Tin Dioxide Gets A New Lease Of Life
Japanese team creates thin, transparent semiconductors with potential for use in LED lights, solar panels or touch-sensitive displays
Mobility is a key parameter for semiconductor performance and relates to how quickly and easily electrons can move inside a substance. Now Japanese researchers have achieved the highest mobility among thin films of SnO2 ever reported.
This high mobility could allow engineers to create thin, transparent SnO2 semiconductors for use in next-generation LED lights, photovoltaic solar panels or touch-sensitive display technologies.
"We demonstrated the highest mobility in a thin film of SnO2 ever achieved. Improved mobility not only enhances the conductivity but also the transparency of the material," said Shoichiro Nakao, a researcher from the department of chemistry at the University of Tokyo. "Generally, transparency and conductivity cannot coexist in a material. Typical transparent materials such as glass or plastic are insulating, whereas conducting materials like metals are opaque. Few materials exhibit transparent conductivity - it's very interesting!"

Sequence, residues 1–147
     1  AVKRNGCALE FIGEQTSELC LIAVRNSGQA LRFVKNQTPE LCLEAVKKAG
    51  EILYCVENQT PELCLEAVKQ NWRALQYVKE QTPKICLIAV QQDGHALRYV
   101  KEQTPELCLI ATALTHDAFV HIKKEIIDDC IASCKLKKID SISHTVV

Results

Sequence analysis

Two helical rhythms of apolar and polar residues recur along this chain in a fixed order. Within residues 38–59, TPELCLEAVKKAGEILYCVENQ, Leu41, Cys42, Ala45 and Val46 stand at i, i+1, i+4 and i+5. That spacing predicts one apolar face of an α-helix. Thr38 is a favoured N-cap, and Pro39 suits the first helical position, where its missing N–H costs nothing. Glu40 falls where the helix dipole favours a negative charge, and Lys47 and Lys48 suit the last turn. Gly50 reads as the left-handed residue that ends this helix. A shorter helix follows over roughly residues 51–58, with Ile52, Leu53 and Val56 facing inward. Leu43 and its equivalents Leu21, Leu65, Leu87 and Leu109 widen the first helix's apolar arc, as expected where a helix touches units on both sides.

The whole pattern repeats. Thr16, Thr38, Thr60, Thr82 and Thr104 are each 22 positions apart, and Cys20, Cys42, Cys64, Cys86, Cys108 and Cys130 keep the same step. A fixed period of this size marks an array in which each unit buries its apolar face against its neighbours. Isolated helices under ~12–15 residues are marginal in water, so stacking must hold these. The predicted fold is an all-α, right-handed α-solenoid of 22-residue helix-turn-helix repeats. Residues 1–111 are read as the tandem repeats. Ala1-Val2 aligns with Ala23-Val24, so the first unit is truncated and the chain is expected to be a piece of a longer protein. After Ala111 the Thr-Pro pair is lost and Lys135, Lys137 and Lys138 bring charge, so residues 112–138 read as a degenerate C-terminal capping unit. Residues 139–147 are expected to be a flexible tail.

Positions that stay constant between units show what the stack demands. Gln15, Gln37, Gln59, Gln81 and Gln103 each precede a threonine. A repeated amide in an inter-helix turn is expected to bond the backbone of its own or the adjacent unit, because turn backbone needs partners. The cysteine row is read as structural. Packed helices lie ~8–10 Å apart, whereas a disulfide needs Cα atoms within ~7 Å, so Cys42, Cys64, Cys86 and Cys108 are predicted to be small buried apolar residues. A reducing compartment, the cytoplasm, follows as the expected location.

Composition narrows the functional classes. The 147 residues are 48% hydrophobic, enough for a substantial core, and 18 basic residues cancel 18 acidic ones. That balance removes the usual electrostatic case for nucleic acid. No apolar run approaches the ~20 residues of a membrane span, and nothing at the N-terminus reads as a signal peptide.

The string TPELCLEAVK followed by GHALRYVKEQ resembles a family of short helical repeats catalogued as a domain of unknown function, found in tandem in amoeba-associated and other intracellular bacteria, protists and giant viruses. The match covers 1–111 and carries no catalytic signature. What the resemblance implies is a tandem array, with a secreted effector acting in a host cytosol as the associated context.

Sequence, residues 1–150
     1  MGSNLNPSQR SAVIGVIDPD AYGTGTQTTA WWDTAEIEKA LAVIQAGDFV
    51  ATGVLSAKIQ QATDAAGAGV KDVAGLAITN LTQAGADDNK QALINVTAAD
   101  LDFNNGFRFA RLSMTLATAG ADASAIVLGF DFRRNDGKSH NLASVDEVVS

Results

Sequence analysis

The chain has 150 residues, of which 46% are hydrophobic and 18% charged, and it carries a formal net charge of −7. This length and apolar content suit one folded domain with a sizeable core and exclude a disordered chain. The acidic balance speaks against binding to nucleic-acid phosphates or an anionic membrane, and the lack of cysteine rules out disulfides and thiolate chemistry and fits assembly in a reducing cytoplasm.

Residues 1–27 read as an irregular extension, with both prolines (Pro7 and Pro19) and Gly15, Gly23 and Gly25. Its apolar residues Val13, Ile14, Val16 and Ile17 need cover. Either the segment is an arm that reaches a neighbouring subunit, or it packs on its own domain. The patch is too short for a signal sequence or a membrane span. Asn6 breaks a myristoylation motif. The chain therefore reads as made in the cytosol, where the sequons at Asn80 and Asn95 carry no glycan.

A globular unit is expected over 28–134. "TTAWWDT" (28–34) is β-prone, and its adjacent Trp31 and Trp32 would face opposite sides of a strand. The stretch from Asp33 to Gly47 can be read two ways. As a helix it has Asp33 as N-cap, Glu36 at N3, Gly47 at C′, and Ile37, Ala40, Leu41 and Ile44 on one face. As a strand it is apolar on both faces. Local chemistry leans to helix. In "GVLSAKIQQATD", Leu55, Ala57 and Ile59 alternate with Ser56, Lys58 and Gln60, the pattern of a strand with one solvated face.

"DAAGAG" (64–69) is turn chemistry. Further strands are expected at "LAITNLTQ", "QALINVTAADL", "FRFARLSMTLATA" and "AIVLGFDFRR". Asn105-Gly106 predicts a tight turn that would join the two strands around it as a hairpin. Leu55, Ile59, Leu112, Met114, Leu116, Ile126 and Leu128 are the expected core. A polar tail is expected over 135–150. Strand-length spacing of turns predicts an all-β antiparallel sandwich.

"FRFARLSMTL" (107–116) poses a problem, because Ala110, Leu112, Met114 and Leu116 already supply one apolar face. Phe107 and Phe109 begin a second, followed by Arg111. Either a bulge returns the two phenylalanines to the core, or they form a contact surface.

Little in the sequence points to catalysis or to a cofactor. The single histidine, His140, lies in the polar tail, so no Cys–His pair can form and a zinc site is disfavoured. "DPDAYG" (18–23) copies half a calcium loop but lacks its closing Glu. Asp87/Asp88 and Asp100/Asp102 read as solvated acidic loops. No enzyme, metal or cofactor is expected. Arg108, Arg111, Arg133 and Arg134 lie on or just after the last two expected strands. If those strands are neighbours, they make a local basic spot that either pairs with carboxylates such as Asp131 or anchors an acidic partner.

The more transparent a semiconductor can be, the more light it can let through. Nakao and his team have made an SnO2 thin film that allows visible light and near-infrared light to pass. This is a great benefit to the power conversion efficiency of photovoltaic solar panels, but other uses could include enhanced touch-screen displays with even better accuracy and responsiveness, or more efficient LED lights.
"Our method of production was key to creating a substance with these properties. We used a highly focused laser to evaporate pellets of pure SnO2 and deposit or grow material exactly how we wanted it," said Nakao. "Such a process allows us to explore different growth conditions as well as how to incorporate additional substances. This means we can endow SnO2 semiconductors with high mobility and useful functionality."
(The picture above shows a focused laser used to create thin films of tin dioxide.)
'High mobility approaching the intrinsic limit in Ta-doped SnO2 films epitaxially grown on TiO2 (001)' by Michitaka Fukumoto et al; Scientific Reports volume 10, Article number 6844 (2020)